When Alex El Chami, executive producer at National Geographic Abu Dhabi, first heard about the idea of filming a group of soldiers from the UAE army scaling Everest, he had some reservations. If the freezing winds, low oxygen levels and lethal crevices associated with Everest were not enough to give El Chami the jitters, the logistics of such a project proved equally as daunting.
The idea, mooted by the UAE army and National Geographic Abu Dhabi, was to make a one-hour documentary charting an expedition by 12 soldiers from the UAE Army as they scaled Everest in April and May 2016.
“The first time I heard about this project I thought ‘there is no way on earth we can do this’,” El Chami says. “We don’t have the man power or the skill to do this, because if you look at the region no one has done anything like this before,” El Chami admits. “We don’t have a high altitude cameraman who can go all the way up who speaks the language.”
But just as the 12 Emirati soldiers who were preparing for the climb were no doubt overcoming their own personal fears, so El Chami and his team also rose to the challenge of documenting the historic climb. After shaking off his initial doubts, El Chami reminded himself of the size and scale of the National Geographic organisation and realised that the production would need to tap into a combination of regional and international expertise.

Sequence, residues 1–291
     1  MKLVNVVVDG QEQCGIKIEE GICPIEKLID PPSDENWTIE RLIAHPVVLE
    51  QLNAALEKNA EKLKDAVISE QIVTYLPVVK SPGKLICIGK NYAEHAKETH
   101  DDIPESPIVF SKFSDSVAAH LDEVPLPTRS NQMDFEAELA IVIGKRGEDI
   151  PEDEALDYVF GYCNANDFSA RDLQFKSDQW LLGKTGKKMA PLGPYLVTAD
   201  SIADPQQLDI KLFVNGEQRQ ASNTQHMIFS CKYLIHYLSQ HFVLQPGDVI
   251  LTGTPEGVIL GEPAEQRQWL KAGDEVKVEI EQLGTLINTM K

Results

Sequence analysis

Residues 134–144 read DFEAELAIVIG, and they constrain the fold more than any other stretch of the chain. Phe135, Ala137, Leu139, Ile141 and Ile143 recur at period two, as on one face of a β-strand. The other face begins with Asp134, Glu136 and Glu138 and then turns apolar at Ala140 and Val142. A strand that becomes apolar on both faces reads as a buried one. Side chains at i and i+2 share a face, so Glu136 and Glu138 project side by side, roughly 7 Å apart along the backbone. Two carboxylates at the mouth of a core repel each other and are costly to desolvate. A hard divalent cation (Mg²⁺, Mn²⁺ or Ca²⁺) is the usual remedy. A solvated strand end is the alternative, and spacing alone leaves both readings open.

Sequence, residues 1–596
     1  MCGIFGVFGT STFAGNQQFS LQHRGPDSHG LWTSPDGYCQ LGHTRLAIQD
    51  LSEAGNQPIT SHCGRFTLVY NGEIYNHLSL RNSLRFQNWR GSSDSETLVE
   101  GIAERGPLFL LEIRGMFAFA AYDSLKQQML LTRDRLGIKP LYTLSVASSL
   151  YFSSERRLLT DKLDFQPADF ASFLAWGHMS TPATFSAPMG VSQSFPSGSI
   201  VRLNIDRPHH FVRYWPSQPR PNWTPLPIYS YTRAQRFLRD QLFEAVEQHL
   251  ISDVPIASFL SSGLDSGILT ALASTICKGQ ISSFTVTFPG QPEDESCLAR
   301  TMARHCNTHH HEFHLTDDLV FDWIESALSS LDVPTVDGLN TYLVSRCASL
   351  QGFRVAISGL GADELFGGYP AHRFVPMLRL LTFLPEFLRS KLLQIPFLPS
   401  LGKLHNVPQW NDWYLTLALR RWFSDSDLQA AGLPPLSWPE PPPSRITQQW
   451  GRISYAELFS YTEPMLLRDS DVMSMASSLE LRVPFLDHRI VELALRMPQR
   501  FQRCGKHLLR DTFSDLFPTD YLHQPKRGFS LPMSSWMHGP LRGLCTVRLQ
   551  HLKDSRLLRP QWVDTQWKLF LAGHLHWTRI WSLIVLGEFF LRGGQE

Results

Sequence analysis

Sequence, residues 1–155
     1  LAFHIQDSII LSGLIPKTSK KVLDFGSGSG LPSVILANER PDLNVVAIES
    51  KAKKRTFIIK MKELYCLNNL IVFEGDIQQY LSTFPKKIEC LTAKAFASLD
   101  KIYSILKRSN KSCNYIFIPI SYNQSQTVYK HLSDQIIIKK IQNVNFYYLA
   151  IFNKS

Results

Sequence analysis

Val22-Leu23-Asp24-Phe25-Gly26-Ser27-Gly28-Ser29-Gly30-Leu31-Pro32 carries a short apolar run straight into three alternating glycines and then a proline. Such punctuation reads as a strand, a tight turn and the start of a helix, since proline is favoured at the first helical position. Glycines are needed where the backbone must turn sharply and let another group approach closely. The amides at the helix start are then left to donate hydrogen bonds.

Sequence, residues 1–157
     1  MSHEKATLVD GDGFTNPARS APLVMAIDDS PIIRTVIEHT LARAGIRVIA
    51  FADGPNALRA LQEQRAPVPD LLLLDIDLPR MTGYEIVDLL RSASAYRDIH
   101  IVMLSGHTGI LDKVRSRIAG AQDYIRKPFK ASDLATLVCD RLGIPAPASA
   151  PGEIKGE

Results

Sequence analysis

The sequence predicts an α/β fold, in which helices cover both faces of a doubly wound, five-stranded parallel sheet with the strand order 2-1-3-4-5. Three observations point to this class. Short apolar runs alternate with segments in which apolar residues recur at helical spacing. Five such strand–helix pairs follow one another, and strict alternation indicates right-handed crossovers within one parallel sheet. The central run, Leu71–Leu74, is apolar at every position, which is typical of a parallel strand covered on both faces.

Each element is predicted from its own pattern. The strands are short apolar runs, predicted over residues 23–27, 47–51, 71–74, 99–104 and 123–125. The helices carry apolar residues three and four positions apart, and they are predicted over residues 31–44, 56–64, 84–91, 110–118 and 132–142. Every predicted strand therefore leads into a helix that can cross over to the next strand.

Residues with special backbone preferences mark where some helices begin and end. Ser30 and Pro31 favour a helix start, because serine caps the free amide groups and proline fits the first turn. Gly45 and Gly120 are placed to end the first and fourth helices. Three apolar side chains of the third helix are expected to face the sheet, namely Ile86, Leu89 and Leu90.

“The beauty of working at NatGeo is that you get a lot of support from your management and offices abroad. We managed to keep it as a regional project from Abu Dhabi, produced in house but making use of expertise from around the world,” he says.
After initial meetings with the UAE Army to discuss their plans and what they wanted to achieve through the documentary, El Chami and his team started working on assembling the crew. High altitude filming is a highly specialised skill, and the team eventually settled on two seasoned professionals: a cameraman from New Zealand who had already summited Everest seven times and a cameraman from Montana in the US who is an experienced mountaineer but had never actually summited Everest before.
The final crew in total numbered about 23 people. Of these, six were based on the mountain for the shoot, one of whom summited: the cameraman from New Zealand went as far as the fourth base camp while the cameraman from Ontario went to the summit.
The rest of the crew and production team were spread across base camp, Kathmandu, Dubai and the UK. El Chami spent two weeks coordinating the project from Kathmandu and had numerous logistical roles to oversee, including ensuring that the production equipment arrived safely at Everest’s base camp on time and in one piece.